I have been fortunate to do extensive travel andmy favorite of all the stops has been the Sphinx. Workers carved the man-lion hybrid, whose face likely depicts the Pharaoh Khafra, into a limestone bedrock hill. It remains one of the world’s most recognized sculptures thousands of years after its construction. But how many thousands of years is that?
Whether built by Egyptians or aliens, these workers left behind plenty of evidence of their time spent there. Radiocarbon dating evidence shows the tools, housing, and ovens employed by Sphinx workers were in use around 2500 BCE. Despite a strong consensus among archaeologists, geologists, and Egyptologists about this date, a few non-experts prefer a contrary timeline.
There was, for example, a 1990s television movie, The Mystery of the Sphinx: New Scientific Evidence, which suggests it was built much earlier. Also, science fiction author John Anthony West and alchemist René Adolphe Schwaller de Lubicz have both claimed the extent of wall erosion surrounding the Sphinx is much greater than other places in Giza. The duo claim this could only happen if the limestone lion had been exposed to the elements thousands of years before the consensus date of 2500 BCE.
But Skeptoid’s Brian Dunning points out that weathering can result from desert winds combining with native sand. Also factoring in is how soft the limestone would have been when the Sphinx was being built. Contrarians believe the weathering is best explained by water that flowed near the Sphinx site during a period when there was much greater rainfall. However, archaeologists have excellent paleoclimatology data for the region, so they know rainfall there 4500 years ago was much heavier than what it is today.
Crucially, the Giza Plateau is high ground and the area encompassing the Sphinx and Pyramids is a summit and is therefore a highly unlikely place for water to flow to. Furthermore, almost all geologists maintain there is little reason to try and squeeze water erosion into this Egyptian equation. Dunning writes, “The pattern of erosion on rock depends not upon what’s doing the eroding, but upon the characteristics and hardness of the rock itself. It’s impossible to tell what did the weathering, water or wind.”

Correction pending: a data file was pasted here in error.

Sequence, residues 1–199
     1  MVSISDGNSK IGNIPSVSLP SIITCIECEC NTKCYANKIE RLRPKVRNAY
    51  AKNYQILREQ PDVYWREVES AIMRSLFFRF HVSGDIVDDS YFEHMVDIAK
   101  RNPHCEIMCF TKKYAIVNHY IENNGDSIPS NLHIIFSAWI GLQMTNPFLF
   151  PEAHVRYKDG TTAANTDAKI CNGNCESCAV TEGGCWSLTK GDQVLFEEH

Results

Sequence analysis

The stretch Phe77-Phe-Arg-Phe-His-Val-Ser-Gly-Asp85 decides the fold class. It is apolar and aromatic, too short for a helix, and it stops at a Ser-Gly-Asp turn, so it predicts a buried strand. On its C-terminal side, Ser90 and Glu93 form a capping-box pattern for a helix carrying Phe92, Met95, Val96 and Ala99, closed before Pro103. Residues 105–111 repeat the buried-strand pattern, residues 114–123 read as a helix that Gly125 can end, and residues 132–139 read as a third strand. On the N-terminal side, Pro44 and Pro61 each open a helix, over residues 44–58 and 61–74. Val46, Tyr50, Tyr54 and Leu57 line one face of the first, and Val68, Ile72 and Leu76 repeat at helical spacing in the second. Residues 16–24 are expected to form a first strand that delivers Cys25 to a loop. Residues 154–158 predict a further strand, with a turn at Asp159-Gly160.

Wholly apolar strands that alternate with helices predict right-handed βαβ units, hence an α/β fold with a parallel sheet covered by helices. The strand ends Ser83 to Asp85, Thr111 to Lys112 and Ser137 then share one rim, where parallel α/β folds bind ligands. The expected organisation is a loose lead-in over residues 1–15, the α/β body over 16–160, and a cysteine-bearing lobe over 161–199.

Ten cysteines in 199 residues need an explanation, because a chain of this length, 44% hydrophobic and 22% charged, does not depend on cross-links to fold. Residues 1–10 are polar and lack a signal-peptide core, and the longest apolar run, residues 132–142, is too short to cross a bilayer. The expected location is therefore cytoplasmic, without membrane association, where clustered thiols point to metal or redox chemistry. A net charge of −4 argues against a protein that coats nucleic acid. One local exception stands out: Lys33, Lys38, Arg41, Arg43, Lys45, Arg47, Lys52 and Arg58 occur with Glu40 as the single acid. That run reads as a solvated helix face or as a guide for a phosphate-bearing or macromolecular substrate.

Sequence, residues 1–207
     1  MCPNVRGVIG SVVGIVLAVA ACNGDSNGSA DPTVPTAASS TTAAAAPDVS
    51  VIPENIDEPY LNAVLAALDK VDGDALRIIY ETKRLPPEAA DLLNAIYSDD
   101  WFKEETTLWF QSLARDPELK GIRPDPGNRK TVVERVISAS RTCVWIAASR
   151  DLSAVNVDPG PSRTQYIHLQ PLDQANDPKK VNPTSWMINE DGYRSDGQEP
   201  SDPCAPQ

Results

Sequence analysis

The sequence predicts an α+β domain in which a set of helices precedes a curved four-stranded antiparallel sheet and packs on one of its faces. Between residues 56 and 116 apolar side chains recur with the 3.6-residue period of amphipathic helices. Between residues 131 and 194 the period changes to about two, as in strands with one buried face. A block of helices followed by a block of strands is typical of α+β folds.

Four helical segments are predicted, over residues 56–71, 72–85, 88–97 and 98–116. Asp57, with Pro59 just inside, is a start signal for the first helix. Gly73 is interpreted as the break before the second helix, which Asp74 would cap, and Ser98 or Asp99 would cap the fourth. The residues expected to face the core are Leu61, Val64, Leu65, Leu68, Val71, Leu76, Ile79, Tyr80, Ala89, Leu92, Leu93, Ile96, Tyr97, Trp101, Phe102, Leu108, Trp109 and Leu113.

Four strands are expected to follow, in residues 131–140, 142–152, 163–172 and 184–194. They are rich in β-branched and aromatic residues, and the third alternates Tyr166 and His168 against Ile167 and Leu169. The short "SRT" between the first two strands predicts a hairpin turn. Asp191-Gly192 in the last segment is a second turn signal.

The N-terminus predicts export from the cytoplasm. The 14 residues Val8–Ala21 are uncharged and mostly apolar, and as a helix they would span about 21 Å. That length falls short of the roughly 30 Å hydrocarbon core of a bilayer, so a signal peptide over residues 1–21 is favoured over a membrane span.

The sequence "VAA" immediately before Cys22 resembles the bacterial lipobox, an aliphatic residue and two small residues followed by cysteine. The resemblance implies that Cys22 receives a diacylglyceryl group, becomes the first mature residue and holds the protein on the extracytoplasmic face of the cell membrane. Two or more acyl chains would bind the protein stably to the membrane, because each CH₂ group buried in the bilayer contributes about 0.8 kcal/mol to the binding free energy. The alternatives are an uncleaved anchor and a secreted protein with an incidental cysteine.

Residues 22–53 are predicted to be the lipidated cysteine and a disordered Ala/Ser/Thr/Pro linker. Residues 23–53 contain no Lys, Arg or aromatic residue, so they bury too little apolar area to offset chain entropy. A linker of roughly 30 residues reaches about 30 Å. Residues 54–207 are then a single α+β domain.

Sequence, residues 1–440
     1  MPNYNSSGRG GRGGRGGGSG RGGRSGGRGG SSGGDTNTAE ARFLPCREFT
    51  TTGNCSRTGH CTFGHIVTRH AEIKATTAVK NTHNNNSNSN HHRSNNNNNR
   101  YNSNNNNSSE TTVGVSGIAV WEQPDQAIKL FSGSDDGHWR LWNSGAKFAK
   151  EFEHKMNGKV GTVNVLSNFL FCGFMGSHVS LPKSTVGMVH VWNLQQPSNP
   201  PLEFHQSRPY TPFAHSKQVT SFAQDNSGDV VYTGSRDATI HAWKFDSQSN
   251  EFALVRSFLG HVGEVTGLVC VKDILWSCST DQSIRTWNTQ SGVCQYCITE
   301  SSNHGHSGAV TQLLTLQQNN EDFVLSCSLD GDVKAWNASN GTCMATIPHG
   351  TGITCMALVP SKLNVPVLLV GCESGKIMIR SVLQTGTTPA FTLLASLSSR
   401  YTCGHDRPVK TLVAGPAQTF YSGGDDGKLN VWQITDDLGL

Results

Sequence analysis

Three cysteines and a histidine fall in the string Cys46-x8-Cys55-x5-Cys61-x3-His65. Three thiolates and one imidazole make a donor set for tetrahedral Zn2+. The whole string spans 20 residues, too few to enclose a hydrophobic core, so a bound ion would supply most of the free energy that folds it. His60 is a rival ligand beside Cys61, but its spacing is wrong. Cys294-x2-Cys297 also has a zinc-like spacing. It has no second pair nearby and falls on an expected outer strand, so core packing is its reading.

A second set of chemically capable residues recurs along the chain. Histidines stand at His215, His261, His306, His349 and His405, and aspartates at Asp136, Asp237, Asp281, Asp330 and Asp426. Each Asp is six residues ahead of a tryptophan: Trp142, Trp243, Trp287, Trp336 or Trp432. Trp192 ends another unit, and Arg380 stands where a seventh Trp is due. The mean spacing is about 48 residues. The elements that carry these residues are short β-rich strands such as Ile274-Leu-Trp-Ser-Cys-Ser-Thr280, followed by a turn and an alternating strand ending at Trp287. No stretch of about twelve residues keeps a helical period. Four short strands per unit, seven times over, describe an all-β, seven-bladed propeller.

And according to geologist August Matthusen, “Variations in the rock usually account for the different weathering morphologies.”
There are a number of ways to explain why there is significant weathering found on the Sphinx’s deep west wall and no other place on the plateau. These reasons include salt crystal exfoliation, underground water, and excavation.
To make the alternate hypothesis work, contrarians propose the existence of an earlier advanced civilization that preceded Egypt. The deficiencies with this idea are the geological evidence presented so far and the lack of proof of a society large and advanced to build the Sphinx, then disappear – all without leaving traces of themselves.
In the Encyclopedia of Dubious Archaeology, Dr. Ken Feder writes, “There is no sign of an infrastructure necessary to support a large population of workers, no sign of the ability to produce a large agricultural surplus to feed the construction workers, no evidence of dormitories for housing them, no huge storage facilities for food, no great bakeries, no cemeteries in which to bury the workers who would have died during the construction project.”
And one doesn’t need an alternate history anyway. The Sphinx is magnificent enough on its own. My amazement when gazing upon this ancient wonder would not have been any more pronounced by thinking it was even older or by suspecting that sleuth pseudoscientists had exposed a cover-up.